Victim Impact Statement Tips for Homicide Survivors, Part II

 

Victim Impact Statement

This is a series of articles on the importance of the Victim Impact Statement including tips that I have gathered over the years from my personal experience as a homicide survivor, from others, and from those I have been able to assist in writing this critical document.

Expressing fear for your personal safety and the right to be reasonably protected is one of your State Constitutional rights, currently active in 33 states, under the Federal Statute enacted in October 2004 by the Reagan Administration.

But, what does it really mean to be reasonably protected? According to the Crime Victim’s Act of 2004:

2.11 Release or Detention Pending Sentence or Appeal

If there is an issue whether the defendant may be released pending sentencing or appeal, victims must be notified of the hearing and provided an opportunity to be heard. As noted earlier, section 3771(a)(1) provides that crime victims have the right “to be reasonably protected from the accused.” Under Fed. R. Crim. P. 46, the defendant has the burden of establishing that he or she does not “pose a danger to any other person or to the community.”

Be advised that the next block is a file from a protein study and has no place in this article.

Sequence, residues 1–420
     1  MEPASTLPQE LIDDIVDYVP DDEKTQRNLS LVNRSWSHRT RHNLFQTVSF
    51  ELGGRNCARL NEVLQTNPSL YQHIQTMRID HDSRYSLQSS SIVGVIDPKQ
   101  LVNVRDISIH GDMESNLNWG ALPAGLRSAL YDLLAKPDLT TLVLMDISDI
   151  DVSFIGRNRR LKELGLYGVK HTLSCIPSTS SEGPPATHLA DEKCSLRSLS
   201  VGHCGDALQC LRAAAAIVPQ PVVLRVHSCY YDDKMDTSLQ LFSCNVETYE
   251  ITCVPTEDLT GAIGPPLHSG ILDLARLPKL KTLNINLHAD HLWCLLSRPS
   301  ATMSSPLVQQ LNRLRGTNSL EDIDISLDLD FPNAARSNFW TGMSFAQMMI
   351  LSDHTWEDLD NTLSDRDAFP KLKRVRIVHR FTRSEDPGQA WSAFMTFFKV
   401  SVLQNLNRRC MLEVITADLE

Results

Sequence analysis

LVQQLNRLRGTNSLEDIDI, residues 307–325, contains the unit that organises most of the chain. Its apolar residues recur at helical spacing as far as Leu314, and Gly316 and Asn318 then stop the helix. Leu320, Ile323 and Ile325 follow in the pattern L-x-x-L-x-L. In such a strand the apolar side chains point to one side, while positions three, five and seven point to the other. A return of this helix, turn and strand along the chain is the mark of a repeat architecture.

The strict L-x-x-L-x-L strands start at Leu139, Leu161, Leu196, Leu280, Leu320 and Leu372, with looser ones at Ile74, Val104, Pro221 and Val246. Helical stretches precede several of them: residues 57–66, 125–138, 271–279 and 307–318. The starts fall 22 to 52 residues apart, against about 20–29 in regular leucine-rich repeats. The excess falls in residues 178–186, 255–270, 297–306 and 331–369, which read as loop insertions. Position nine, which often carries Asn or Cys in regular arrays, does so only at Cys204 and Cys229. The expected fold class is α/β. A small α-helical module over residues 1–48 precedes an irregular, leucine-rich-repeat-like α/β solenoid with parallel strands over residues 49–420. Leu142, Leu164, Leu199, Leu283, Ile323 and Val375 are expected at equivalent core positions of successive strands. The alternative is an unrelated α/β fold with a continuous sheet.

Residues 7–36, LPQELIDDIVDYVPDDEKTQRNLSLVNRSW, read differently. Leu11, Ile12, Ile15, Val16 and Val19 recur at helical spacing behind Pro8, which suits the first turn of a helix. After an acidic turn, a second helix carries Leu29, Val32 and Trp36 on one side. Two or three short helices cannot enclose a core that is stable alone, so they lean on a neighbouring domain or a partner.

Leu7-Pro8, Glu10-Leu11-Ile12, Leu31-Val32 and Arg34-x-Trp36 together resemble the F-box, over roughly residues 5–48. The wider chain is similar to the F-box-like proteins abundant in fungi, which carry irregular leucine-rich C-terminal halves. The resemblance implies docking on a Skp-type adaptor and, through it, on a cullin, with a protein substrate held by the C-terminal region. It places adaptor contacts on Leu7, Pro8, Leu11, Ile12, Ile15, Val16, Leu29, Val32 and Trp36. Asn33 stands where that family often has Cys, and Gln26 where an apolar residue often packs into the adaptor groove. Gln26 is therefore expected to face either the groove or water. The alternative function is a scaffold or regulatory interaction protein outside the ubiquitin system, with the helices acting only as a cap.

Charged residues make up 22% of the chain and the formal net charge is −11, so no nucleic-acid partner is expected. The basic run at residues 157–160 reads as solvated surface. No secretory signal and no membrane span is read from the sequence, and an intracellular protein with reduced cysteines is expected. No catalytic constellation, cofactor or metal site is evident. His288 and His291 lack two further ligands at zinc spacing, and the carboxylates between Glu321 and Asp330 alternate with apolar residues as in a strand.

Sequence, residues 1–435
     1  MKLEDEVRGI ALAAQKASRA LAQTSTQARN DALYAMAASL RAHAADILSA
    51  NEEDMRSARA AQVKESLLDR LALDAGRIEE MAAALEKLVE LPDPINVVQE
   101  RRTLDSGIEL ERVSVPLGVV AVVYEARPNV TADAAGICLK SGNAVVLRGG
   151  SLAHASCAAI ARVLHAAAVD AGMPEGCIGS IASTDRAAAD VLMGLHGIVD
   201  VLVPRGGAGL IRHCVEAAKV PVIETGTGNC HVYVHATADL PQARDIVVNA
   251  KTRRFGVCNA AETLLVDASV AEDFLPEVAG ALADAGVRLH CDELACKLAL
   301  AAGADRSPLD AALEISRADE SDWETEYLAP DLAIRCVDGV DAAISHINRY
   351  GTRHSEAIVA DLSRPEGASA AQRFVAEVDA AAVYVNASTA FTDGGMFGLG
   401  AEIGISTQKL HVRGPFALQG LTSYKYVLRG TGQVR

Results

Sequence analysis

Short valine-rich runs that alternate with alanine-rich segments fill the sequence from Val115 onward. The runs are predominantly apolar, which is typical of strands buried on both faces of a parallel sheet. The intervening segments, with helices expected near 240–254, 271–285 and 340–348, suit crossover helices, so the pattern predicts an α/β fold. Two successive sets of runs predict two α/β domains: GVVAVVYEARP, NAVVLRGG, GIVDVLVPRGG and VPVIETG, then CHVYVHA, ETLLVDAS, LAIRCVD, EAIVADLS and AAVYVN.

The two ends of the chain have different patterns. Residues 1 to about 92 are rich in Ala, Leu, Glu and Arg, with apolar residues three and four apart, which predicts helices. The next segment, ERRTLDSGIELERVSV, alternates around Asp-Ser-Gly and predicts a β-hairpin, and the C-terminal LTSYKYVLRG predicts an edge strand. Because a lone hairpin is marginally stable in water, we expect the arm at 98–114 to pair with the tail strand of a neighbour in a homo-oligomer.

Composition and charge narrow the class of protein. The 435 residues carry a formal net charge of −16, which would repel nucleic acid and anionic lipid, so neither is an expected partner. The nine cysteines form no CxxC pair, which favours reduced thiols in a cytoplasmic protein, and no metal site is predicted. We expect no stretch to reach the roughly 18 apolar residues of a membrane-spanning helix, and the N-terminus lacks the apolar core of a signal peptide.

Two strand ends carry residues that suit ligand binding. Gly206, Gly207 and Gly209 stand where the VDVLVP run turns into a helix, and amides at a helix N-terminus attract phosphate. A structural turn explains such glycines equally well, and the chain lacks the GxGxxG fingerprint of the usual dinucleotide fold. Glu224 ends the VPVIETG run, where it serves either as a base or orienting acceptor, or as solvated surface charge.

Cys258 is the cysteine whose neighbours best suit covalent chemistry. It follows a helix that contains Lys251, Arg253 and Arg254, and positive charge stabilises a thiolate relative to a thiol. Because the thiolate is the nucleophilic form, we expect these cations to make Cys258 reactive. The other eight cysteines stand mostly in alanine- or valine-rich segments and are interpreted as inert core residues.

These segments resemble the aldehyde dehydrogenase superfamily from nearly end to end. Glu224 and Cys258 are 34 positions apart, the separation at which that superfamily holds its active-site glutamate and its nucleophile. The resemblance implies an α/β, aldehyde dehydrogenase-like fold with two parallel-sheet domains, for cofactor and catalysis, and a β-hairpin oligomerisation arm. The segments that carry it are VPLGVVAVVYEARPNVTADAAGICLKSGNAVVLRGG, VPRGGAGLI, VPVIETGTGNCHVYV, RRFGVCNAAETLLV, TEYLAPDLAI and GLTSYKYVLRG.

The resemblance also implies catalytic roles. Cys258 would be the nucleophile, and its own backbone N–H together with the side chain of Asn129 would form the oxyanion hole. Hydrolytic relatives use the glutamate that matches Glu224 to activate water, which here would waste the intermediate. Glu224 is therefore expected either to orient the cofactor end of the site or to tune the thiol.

An educated guess concerning not posing a danger after many years of incarceration, no matter the number of crimes or how heinous the crimes may have been, might be house arrest, wearing a GPS device, being employed under constant supervision, and probation. However, reality tells us that probation is overburdened, GPS technology fails, and there are not enough staff to adequately monitor prisoners when on the outside.

What are the provisions made for surviving victims who are elderly, medically challenged, or victims who happen to be disabled?  Will the system provide real protection other than the usual bureaucratic responses?

In my personal case, I do not feel confident. I do not feel secure in the knowledge that the person who murdered my father will necessarily leave us in peace.  Rest assured that I will not quit until I know what reasonably protected truly means in practical terms. In the final analysis, the Pardon and Parole Board or the Court’s decision is just another decision in just another workday for most hearing officers, with nothing to differentiate them.

For those with able bodies and minds, I offer our natural resources as an option, if and when personal terror invades.     

The fight or flight response is a physiological response to acute stress when an imminent threat is present, real or perceived, either physically or mentally. This occurs naturally by triggering hormones which prepare your body to stay and deal with the threat effectively or flee from the situation. The manner in which this occurs includes the triggering of chemicals from your adrenal glands resulting in increased heart rate, breathing for increased energy, blood rushing to your brain and extremities and trembling due to muscular tension.